B. Doyle [bdoyle]
What did you first read? How did you begin to write? Who were the first to read what you wrote?
I've been reading far longer than I can remember. I loved all the well known children's books like Amelia Bebelia and everything by Dr. Seuss, but when I was older I started to look books closer to series like Goosebumps and Animorphs. Living in the mountains a good hour away from town gave me a lot of time to curl up with these books as a child.
I didn't begin to write until middle school, it never occurred to me before than that I could write anything past school work at all. A close friend of mine showed me that people wrote for fun, without getting published, and posted their stories online just to share them. I started to do the same, though she was really the only person who ever read anything I managed to finish.
What is your favorite genre? Can you provide a link to a site where we can read some of your work or learn something about it?
I tend to like mixed genres or ones that are a bit different from the norm. I lean toward things like horror for something a bit more normal, but I have always adored the idea of anything steampunk.
I would share my work, but at this point in time the only things I have to share are articles on Yahoo!, and a very sparse number of them at that. http://contributor.yahoo.com/user/1507916/kathryn_e_barry.html
What is your creative process like? What happens before sitting down to write?
I would love to give a detailed summary of how much dedication and effort goes into my writing process, but it's really a simple and disappointing answer.
I sit down at my computer and hope the internet does not distract me. Then I just keep typing until I get hungry or my eyes hurt. I let everything come to me and keep working and working until I either run dry for the day or simply can't type for a while.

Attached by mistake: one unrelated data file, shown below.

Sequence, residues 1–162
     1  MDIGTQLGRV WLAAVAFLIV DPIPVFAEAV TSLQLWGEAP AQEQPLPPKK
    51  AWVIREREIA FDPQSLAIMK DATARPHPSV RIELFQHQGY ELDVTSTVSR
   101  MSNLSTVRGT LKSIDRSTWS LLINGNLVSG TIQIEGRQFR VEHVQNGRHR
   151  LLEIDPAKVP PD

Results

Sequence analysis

What type of reading inspires you to write?
All types, really. Though reading a book I don't particularly care for found rather poorly done always tends to make me want to write something better.
What do you think are the basic ingredients of a story?
The plot/story, the characters, your protagonist/main character, your antaganist (which could be anything from another person to a physical obstacle, as I consider this a catch all term), and the details that show your research and effort into all of these elements.
What voice do you find most to your liking: first person or third person?
I enjoy both voices, though I enjoy reading and writing in third person a bit more than first person.
What well known writers do you admire most?
Far too many to properly list! I greatly admire writers like Stephen King, who came from what could be called nothing to become one of the most popular and well known authors after going through a great deal of pain and misfortune in his life and continues to work and find a way to create new stories.
I admire writers like J.K.Rowling, who managed to plan out her series so completed before even the creation of the halfway point and who managed to find success in a foreign market from a simple idea.
I admire writers like Neil Gaiman, who is so unique and inspiring and creative I don't feel I can do him justice in a summary.
I admire anyone who is able to write for pure enjoyment and to share their stories because they love what they do.
What is required for a character to be believable? How do you create yours?
This one is a little strange for me to answer, in a way. To me, the only things required to make a character believable is to make sure they don't so anything unbelievable in their situation. That's it. Everyone reacts differently in a situation, how would your character realistically react in it?
As for creating characters... In all seriousness, I don't create my characters. They simply come to me and as I work with them I manage to fill in the blanks, learn more about them, figure out who they are as the story goes. I let them write themselves, crazy or stupid or brilliant or insufferable as they may be. I don't force them to be something they may not be, I let the pieces fall into place and work around them and with them instead.
Are you equally good at telling stories orally?
No, no, no I am not, no. I can't read out loud or formulate a story orally without stumbling over my words.
Deep down inside, who do you write for?
Myself. I find it a bad idea to write for anyone else in my personal situation, unless I am trying to prove them wrong, that I can write.
Is writing a form of personal therapy? Are internal conflicts a creative force?
It is, somewhat, for me.